Chris Grayling, you can't fix rail chaos without public ownership

Chris Grayling

20 September 2018

Remember the train timetable chaos in May? The Office of Rail and Road has now explained what happened - 'no one took charge'.
If you look for clear lines of accountability in our privatised, fragmented railway, you'll find Chris Grayling, the Transport Secretary, playing the blame game and saying 'I don't run the railways'. 
Mr Grayling, speaking to BBC Radio 4’s Today programme said 'It’s a system problem, it’s the way the whole industry works'. He says he wants a rail industry which is ‘more passenger focused’, and that the current system is not ‘fit to meet today’s challenges’. 
And so today the Department for Transport announced the most significant review into the rail industry since privatisation in 1997.
But will they consider public ownership? Apparently not.
The Financial Times has reported sources close to Grayling believe ‘the point of this exercise (is)..all about getting private companies to deliver a better deal’ and that before the review has even begun, Grayling believes it will not recommend public ownership.
'The reality is it is not about ownership, it's about the pressure on the system' he says.
Are you serious, Mr Grayling? 
It's outrageous that from the off, Chris Grayling is already ruling out public ownership.
Private companies have been given chance after chance to deliver better services and the reality is simple: they aren’t doing it. 
Train punctuality is at its lowest in 12 years. Chaos, crises and failures on the railways now regularly feature in the daily news headlines. And we, the passengers, are paying the price. It’s just not fair. And everyone is passing the buck.
Public ownership would be much more accountable and efficient, saving us £1 billion a year to invest in better services. 
Grayling's review acknowledges that the rail system is failing to meet the needs of its passengers - that's us, the public. But so far, it isn’t even open to public consultation - perhaps this isn't surprising, given that 76% of us support public ownership!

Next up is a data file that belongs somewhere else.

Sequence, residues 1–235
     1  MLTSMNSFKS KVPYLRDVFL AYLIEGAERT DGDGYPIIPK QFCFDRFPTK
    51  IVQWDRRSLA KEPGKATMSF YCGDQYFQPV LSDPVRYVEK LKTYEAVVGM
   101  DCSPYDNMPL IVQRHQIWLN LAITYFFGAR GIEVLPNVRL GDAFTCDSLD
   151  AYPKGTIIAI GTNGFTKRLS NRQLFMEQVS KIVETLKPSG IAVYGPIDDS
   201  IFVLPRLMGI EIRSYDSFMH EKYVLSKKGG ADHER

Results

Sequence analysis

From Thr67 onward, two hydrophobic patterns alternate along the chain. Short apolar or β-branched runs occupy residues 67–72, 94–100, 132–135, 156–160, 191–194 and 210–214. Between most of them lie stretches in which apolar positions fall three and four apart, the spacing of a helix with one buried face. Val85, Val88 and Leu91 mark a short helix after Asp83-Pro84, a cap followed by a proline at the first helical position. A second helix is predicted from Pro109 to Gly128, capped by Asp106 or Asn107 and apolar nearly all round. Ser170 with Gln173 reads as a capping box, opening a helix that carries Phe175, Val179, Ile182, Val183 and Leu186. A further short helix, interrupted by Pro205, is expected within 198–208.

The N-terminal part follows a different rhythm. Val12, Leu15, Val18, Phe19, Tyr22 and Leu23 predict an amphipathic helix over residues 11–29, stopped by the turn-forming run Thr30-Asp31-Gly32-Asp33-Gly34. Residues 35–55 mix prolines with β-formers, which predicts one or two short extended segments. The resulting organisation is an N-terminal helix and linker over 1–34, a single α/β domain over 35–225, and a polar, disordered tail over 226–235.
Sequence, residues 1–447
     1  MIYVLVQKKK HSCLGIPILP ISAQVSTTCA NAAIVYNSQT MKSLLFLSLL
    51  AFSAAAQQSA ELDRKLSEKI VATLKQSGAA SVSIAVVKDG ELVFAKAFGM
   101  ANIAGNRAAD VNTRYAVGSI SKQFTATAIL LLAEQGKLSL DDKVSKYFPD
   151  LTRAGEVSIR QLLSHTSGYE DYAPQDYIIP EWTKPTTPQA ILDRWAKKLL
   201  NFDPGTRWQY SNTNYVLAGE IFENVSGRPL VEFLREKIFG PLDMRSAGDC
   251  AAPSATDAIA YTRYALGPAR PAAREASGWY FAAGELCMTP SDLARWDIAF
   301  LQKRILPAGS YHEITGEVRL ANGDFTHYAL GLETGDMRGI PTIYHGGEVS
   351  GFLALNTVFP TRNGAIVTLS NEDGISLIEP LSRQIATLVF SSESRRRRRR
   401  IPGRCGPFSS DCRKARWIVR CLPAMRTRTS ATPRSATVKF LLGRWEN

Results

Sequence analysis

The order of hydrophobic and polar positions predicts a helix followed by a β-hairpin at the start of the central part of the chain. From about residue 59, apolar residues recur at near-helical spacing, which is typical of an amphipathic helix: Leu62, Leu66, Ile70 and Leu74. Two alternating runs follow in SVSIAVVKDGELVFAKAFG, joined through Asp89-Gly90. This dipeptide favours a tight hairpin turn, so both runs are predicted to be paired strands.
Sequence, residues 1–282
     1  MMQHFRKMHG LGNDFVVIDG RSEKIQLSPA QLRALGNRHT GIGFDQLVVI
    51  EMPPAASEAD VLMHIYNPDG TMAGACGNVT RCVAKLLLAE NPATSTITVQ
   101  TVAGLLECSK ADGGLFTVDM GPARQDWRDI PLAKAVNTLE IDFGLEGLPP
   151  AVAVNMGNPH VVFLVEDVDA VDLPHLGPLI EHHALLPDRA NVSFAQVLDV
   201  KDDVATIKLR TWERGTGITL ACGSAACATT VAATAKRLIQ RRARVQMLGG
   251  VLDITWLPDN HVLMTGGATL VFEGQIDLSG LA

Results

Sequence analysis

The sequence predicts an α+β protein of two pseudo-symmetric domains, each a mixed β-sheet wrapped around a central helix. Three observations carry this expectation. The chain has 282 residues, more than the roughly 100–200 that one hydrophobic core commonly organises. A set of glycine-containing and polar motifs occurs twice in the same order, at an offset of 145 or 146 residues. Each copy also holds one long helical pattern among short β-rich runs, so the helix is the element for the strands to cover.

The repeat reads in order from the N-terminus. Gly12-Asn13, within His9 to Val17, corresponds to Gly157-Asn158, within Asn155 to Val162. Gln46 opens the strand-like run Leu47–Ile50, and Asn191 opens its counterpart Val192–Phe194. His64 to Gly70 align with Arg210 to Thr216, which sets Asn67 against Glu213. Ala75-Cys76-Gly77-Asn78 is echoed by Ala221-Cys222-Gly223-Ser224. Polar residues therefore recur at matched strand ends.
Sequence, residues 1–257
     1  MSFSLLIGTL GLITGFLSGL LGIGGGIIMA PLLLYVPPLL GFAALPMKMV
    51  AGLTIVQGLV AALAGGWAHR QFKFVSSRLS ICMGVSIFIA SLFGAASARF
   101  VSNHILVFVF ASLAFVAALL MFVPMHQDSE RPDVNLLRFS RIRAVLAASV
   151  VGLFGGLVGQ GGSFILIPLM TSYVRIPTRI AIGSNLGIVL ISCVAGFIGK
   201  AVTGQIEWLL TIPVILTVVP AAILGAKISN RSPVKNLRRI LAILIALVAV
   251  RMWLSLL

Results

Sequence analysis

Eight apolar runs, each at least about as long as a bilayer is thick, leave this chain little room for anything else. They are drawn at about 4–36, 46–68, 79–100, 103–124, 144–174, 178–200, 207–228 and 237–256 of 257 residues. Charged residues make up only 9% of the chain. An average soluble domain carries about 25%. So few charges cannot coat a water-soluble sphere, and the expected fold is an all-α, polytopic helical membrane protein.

“With trust in the industry at an all-time low, it is vital that the outcome of any inquiry or review reflects the needs and experiences of passengers." Peter Vicary-Smith, Chief Executive of Which?
If something doesn’t change, this major review is going to be a total waste of public money.
As Andy McDonald says, we ‘don’t need another review from the Tories to tell them that rail is broken’. 
As Caroline Lucas says, we need to ‘give rail workers and passengers a say on how services are run.’
The reality is this is all about ownership and accountability. And we won't get either until  we run our railway for people not profit.
Chris Grayling

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Nigel Baldwin replied on

There are two models of public ownership that I have in mind:

1. The Deutsche Bahn model, of one company in charge of the whole railway system, with the government as the largest shareholder, or

2. A state holding company (British Railways, please - not British Rail - I'm fed up with sloppy thinking!), owning 4 or 5 companies based on the "big 4" companies that ran the system pre-1948. The system to have uniform ticketing with German style "Bahncards", and national standards of training and staff involvement in the running of the railway.

Both of these solutions would avoid the present shambles of today's fissiparious network, bringing larger, more efficient and responsive business models.

Chris Henry replied on

This is hardly going to be an impartial review with an option ruled out before the review begins . Another waste of tax payers money yet more proof that Grayling is incompetent !

John Archibald replied on

Only problem with re-nationalisation is its political advocates are too far removed from the reality of what the general public want and believe they know best. As such they also subscribe to a meritocracy (albeit under the influence of champagne socialism) hence dismiss the pragmatism, sensibility and fairness that civilized society requires.

The current Brexit fiasco proves this beyond any doubt i.e. they wont let go the helm even though they only have a fingertip on the rudder - and the public are held up screaming to be cut loose.

Thus the real issue is how we, the Public, can get control of our railways and other necessary and strategic public utilities i.e. NHS Water Energy, etc. and steer the country in the right direction.

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